High-profile actors flock to high-temperature studios.
First there was hot yoga. It became a smash hit: the heat encourages flexibility, boosts heart rate and makes for a cleansing, drenching sweat. Now other forms of fitness are cranking up the thermostat.
At The Sweat Shoppe in North Hollywood, California, instructors including Naomi Priestley (Jason Priestley’s wife) lead classes in rooms heated to around 80 degrees. Trainer Tracy Anderson of the dance-inspired cardio workout Tracy Anderson Method, a favorite of Gwyneth Paltrow, Molly Sims and Jennifer Lopez, warms her New York and Los Angeles studios to 86 degrees. Hot 8 Yoga in Beverly Hills and Santa Monica attracts their clients including Colin Farrell, Kate Hudson, Drew Barrymore and Russell Simmons, with a barre fusion class in temperatures well past 100 degrees. And at the recently opened Hot Pilates, which has attracted celebrity fans Dania Ramirez, Paula Patton and Abigail Spencer, the heat is cranked up to 90 to 100 degrees during their 60-minute mat classes.
If you are planning on heating up your workout, there are some health risks involved. According to yoga therapy expert Cora Wen, extreme heat puts dangerous stress on the body, and heat stroke can result in death. She explains that with all the sweaty bodies in hot classes, temperatures can top 100˚ F, at which point it’s nearly impossible to cool down. In order to play it safe she suggests keeping hydrated and if there are any signs of exhaustion, light-headedness, nausea, confusion, or muscle cramping, during a workout to stop immediately. She also warns that people who have diabetes, heart disease, lung disease or women who are pregnant may have increased risk factors. Read more about it here.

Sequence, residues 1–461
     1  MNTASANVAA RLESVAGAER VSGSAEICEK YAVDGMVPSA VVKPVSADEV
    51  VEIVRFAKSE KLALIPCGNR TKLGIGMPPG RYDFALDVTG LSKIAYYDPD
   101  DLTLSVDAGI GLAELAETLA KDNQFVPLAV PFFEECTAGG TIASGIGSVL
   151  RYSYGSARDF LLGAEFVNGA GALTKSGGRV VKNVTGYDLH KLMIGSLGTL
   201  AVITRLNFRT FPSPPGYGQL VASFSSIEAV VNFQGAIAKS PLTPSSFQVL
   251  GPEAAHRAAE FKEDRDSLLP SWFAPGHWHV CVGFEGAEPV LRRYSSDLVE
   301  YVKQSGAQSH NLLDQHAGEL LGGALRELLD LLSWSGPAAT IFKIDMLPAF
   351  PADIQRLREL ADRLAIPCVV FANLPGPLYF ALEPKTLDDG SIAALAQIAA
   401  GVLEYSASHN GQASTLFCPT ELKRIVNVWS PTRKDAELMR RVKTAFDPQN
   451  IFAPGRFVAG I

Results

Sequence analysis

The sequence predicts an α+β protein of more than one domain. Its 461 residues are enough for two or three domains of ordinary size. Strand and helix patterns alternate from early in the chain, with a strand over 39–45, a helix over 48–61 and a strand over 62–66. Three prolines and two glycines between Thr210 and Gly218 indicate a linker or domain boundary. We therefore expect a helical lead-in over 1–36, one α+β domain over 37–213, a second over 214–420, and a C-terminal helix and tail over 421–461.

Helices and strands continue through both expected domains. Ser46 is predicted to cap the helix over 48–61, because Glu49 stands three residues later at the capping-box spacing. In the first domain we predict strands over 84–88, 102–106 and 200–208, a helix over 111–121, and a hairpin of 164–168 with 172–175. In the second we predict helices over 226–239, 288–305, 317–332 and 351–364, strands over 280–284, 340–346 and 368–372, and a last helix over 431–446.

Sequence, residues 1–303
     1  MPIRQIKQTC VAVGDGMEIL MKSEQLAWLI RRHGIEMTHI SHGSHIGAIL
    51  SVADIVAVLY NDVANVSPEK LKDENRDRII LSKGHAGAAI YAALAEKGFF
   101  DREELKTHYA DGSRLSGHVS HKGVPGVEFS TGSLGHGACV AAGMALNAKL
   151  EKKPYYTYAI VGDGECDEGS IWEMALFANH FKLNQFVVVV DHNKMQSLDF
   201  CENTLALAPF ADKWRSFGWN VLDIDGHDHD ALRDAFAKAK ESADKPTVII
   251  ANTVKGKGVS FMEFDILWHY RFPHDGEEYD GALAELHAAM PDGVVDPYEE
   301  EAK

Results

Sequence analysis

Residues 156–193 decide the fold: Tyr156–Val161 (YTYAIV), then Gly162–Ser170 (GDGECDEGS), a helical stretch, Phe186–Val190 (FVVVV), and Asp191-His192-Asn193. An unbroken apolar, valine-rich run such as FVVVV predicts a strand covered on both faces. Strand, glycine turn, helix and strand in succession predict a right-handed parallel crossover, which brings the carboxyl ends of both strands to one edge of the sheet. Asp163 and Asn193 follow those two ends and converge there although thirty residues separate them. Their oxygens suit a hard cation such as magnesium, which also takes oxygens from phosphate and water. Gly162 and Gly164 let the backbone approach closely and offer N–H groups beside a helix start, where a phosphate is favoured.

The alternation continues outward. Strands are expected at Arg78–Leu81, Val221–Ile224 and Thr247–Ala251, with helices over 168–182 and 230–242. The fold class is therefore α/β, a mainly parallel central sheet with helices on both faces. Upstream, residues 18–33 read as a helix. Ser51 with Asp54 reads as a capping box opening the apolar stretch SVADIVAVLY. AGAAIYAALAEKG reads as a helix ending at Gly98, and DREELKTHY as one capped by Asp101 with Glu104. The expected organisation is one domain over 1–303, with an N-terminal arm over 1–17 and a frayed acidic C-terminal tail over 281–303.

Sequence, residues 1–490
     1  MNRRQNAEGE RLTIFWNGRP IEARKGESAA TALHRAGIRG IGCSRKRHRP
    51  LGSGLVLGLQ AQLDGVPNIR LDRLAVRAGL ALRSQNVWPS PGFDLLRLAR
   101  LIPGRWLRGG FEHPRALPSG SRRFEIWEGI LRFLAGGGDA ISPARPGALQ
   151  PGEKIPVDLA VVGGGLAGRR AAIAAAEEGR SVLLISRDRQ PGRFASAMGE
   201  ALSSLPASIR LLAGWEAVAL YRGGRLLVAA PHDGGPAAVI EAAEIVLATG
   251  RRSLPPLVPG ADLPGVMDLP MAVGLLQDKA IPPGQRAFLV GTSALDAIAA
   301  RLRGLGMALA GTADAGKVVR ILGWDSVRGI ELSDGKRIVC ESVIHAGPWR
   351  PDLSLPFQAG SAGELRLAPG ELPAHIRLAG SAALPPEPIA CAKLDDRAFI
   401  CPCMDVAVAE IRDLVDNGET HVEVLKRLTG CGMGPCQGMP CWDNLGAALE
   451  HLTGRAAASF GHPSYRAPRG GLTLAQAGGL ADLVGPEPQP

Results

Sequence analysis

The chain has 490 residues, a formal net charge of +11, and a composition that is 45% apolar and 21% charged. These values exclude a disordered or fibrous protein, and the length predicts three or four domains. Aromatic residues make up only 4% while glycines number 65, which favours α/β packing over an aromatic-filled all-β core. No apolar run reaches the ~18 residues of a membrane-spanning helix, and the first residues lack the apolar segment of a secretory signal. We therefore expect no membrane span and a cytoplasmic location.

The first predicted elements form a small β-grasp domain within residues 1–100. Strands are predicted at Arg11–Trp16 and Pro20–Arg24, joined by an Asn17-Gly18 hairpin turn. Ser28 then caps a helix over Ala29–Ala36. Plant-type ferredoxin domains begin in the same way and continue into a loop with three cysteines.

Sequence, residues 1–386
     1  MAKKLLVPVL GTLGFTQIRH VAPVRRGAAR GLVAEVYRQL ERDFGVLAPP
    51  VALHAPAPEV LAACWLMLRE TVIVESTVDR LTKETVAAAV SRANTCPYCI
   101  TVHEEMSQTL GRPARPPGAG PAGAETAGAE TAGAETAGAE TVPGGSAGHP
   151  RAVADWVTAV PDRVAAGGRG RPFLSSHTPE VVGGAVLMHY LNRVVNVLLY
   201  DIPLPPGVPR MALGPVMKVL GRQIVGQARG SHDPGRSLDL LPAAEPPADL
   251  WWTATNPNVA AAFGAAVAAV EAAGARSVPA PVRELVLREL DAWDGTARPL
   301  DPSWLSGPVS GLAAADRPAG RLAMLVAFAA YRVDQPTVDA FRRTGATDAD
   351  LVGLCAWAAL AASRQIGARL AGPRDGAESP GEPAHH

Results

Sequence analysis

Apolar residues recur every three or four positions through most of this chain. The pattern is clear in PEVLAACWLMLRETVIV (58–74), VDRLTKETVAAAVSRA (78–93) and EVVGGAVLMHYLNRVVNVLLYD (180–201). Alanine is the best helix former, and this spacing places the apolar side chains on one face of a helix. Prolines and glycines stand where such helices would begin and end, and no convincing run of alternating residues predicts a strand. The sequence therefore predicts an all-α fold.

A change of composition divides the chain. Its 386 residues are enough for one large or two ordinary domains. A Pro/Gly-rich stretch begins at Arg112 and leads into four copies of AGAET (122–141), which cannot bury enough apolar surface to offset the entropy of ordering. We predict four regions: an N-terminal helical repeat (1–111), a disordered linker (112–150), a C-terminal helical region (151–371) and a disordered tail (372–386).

Check out the offerings at local studios and gyms in your city; chances are there’s a way to heat up your workout, too.